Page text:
The bogus teen orgy trend

Take a deep breath. Despite the headlines this week, there is no need to panic about kids having group sex

Topics: Teenagers, Sex,

This week saw the creation of the next “rainbow party” panic. An ABC headline warned: “Teens as Young as 14 Engaging in Group Sex.” The Daily Mail took a sexier angle with: “Group sex is the latest trend for teenagers, says distubing new report.” Even feminist ladyblog Jezebel fell for it with the not intentionally ironic teaser: “Group Sex Is the Latest Disturbing Teen Trend.”

As is often the case with reports on the latest wild-and-crazy teen sex trend, this was all total and complete BS. The original research inspiring these proclamations had been distorted and exaggerated beyond recognition. But if you’re interested in the real story behind these salacious reports, you’re in the right place. (If you want to be titillated by tales of teenage orgies, you’ll have to look elsewhere — sorry.)

I just knew this is what would happen when I first came across the study, which was published earlier this month in the Journal of Public Health. That’s why I reached out last week to the lead researcher, Emily Rothman. I was curious: Did she worry that her findings would be misconstrued in the press to give rise to the latest teen sex panic? At the time, Rothman told me in an email that she was indeed “concerned about reporters ignoring the methodological limitations” — that’s why she tried to include all the important caveats and “frame things responsibly” in early press interviews — but, regardless, most outlets found a way to make her worry come true. The good news is that the study and its mainstream coverage offer up a useful cautionary tale.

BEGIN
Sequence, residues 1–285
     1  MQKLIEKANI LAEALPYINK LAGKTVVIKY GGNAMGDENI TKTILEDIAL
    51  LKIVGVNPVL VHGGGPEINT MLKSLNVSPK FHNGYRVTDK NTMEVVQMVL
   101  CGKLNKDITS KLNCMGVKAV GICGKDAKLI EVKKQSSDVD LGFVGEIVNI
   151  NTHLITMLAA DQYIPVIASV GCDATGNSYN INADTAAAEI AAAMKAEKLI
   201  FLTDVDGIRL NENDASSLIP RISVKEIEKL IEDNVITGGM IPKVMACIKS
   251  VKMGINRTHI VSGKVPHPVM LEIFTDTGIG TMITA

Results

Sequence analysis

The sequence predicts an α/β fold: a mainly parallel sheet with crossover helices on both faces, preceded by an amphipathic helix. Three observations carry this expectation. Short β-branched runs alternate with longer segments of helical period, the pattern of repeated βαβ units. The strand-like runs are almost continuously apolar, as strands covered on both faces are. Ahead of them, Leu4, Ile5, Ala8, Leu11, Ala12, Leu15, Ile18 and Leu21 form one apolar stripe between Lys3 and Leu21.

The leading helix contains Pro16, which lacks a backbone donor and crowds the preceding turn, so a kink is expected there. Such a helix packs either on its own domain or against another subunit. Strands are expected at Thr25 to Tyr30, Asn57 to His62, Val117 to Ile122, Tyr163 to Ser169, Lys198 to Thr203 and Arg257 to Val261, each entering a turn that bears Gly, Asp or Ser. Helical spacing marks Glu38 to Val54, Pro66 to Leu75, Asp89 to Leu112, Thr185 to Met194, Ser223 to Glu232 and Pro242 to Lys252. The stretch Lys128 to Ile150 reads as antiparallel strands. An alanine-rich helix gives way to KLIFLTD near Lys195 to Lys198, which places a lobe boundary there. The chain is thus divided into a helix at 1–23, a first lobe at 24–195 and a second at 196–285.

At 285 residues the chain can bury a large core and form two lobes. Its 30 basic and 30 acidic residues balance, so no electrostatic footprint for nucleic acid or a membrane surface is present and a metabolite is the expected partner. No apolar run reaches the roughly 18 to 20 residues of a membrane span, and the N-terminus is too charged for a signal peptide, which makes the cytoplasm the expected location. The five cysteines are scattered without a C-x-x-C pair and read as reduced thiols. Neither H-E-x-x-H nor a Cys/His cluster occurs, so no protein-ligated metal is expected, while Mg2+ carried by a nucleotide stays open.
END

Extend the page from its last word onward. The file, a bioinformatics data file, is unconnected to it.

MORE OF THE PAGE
Researchers surveyed 328 girls and young women who had visited an urban health clinic in the Boston area. The key thing here is that a study with such a minute sample size is designed to be preliminary; it’s not meant to be definitive. What’s more, the population surveyed places further limits on the findings: These are girls who have gone to a community or school-based clinic in search of services, which excludes those with access to different types of healthcare, or those who weren’t seeking care of that sort. That isn’t to disregard the potential implications of this survey for the health of this particular population, but the findings simply aren’t broadly applicable or representative. On top of all that, the participants ranged in age from 14 to 20: Perhaps you’re already aware, 20-year-olds are not teenagers — so those headlines trumpeting this as “the latest trend for teenagers” are sloppy at best and willfully misleading at worst. That’s not to mention that the difference between a 14-year-old and a 20-year-old is often — at least one should hope — profound.

These aren’t the only inconvenient details that were shamefully elided in most of the coverage. Another unexamined detail is that when the survey talks about the percentage of girls with group sex experience, it includes both those with consensual and non-consensual experiences. In other words, the 7.3 percent of participants, or “one in 13,” who report having “multiple-person sex” (MPS), as the survey refers to it, includes both voluntary sex involving three or more people and … gang rape. No matter how disturbed adults may be by the idea of a teenage girl having a kinky threesome, there is a crucial difference between her choosing it — even if intense cultural pressures are present — and it being forced on her. Much has also been made in the study coverage of the indicated influence of porn on these “group sex” experiences, but participants who had come into contact with X-rated material of any sort, in any context, even just once, over the past month were considered together. This means a 14-year-old girl who accidentally stumbled across her brother’s Playboy was grouped together with, say, a 20-year-old with a subscription to hotmoviesforher.com.